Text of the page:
Little known though it is, the EU has
already formed its own version of the North American Free Trade
Agreement in the Middle East — in the form of the Euro-Mediterranean
A movement toward free trade
The EMP was launched in Barcelona, Spain, in 1995 and aims to
bring 12 Mediterranean countries — including the Palestinian
Authority and Israel — into a free-trade zone by 2010.
|All the Mediterranean
countries, with the exception of Syria, have bilateral
trade agreements with the EU.|
Two of those countries, Cyprus and Malta, are due to become EU
members in 2004. Furthermore, the EU has committed $5 billion to its
developing partners to encourage them to liberalize their economies.
That ambitious effort by the EU created bilateral trade accords with
several Arab countries — and pressed them to encourage free trade in
the Middle East.
Significantly, the EMP has become the only forum of its kind to
have Israel and the Arab countries sitting around the same table.
Proof shown in numbers
The EU also established cooperative economic arrangements with
the six states of the Gulf Cooperation Council in 1989 — and
concluded a common external tariff arrangement this year.
Figures published by the European Commission in 2003 point to the
growing level of trade integration between the 12 Mediterranean
countries and the 15 EU members since 1980. In 2001, 53 % of exports
from Mediterranean economies went to the EU — and 62.9% of those
economies’ imports came from the EU.
Trading with Israel
At the same time, all the Mediterranean countries, with the
exception of Syria, have bilateral trade agreements with the EU.
|The EU — through the use of
diplomatic and economic resources — could achieve the
kind of goals that the Bush Administration is trying to
advance through the use of its military
It is interesting to note that, notwithstanding the accusations
that Europe is “anti-Israeli,” EU-Israeli trade in the last decade
alone, has seen a threefold increase.
This confirms the EU as Israel’s major trading partner and the
number-one market for Israel’s imports — surpassing even the United
States in volume.
The process of trade liberalization has not been perfect.
European markets have remained closed to some of the Mediterranean
countries’ main products, especially agricultural goods. And the
initiative was severely undermined as the Israeli-Palestinian peace
European-Mediterranean economic integration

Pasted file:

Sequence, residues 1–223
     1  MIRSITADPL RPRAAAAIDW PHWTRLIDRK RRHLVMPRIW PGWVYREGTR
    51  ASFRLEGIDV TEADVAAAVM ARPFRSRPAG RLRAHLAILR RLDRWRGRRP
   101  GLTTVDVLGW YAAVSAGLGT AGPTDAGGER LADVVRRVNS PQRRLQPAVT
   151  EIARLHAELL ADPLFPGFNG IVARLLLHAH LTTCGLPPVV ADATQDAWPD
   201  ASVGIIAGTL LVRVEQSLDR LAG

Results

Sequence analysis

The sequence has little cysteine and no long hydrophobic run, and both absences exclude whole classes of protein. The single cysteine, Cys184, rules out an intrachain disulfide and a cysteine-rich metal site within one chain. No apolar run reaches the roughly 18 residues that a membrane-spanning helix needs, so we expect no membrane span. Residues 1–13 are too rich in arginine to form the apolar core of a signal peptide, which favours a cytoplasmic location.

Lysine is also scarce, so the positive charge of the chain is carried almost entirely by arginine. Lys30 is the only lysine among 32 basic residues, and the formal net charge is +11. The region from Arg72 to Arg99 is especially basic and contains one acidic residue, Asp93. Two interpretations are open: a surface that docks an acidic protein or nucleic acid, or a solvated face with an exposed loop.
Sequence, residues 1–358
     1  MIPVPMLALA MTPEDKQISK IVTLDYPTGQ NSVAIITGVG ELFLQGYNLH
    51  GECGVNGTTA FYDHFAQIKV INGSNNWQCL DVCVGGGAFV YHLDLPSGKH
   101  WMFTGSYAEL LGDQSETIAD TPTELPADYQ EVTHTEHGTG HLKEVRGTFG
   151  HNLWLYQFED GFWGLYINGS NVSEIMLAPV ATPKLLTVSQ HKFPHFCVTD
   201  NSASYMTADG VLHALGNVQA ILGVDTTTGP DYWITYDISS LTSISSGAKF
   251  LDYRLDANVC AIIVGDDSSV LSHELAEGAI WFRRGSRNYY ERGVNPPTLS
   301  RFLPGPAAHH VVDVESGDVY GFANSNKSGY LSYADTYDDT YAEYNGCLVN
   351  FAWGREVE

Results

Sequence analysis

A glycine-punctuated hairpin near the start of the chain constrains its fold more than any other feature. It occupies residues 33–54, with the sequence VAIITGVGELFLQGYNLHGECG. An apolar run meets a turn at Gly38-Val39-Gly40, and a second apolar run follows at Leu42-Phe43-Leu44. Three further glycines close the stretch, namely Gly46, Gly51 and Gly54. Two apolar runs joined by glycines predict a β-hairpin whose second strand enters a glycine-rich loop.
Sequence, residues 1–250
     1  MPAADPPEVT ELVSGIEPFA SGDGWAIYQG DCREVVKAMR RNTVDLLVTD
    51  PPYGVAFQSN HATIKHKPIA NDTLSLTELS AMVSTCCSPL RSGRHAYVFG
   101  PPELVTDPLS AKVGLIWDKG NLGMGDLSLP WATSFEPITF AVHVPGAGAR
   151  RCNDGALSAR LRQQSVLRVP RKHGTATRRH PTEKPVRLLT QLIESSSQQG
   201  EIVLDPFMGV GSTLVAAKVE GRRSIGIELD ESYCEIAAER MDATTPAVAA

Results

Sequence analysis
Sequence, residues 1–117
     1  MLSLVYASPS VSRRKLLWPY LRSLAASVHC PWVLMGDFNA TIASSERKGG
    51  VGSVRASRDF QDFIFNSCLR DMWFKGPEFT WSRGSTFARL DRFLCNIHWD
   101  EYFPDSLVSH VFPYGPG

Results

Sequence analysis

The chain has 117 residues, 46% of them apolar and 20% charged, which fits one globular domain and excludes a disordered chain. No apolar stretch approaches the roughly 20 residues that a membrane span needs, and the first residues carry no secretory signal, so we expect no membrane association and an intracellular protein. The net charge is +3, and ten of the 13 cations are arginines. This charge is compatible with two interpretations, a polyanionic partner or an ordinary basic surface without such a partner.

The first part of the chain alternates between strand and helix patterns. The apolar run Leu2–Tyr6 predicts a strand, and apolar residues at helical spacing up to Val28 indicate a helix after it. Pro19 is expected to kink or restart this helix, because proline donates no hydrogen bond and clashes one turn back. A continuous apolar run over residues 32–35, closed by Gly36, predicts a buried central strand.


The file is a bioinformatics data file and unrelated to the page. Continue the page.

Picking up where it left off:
But the level of economic ties between the EU and the
Mediterranean countries, including the growing dependency of Israel
on trade with the EU, provides the Europeans with an opportunity to
assert their diplomatic status in the region. Preferably, as part of
a cooperative strategy with the United States.
To accelerate the process, the European leaders should remove the
obstacles to the prompt entry of Turkey into the EU. That act,
combined with the entry of Cyprus and Malta, will confirm the EU’s
status as both an Eastern Mediterranean and a Middle Eastern power.
A strategy of constructive engagement
An even more ambitious approach would be for the EU to announce
its readiness to open negotiations with a free and democratic Iraq,
as well as with Israel and an independent Palestinian state.
|The entry of Turkey into
the EU will confirm the EU’s status as both an Eastern
Mediterranean and a Middle Eastern
That could lead to the Palestinian state’s gradual accession to
the EU — a goal that would admittedly take many years to achieve.
By adopting a strategy of constructive engagement in the Middle
East, the EU could try — through the use of both diplomatic and
economic resources — to achieve the kind of goals that the Bush
Administration is trying to advance through the use of its military
power: Challenging the status quo in the Middle East, while
advancing the cause of peace and political and economic reform.
Economic leverage vs. diplomatic influence
Indeed, it is time for the Europeans to conclude that they cannot
secure their interests in the region with which they maintain
strategic business, and demographic ties by burnishing their ties to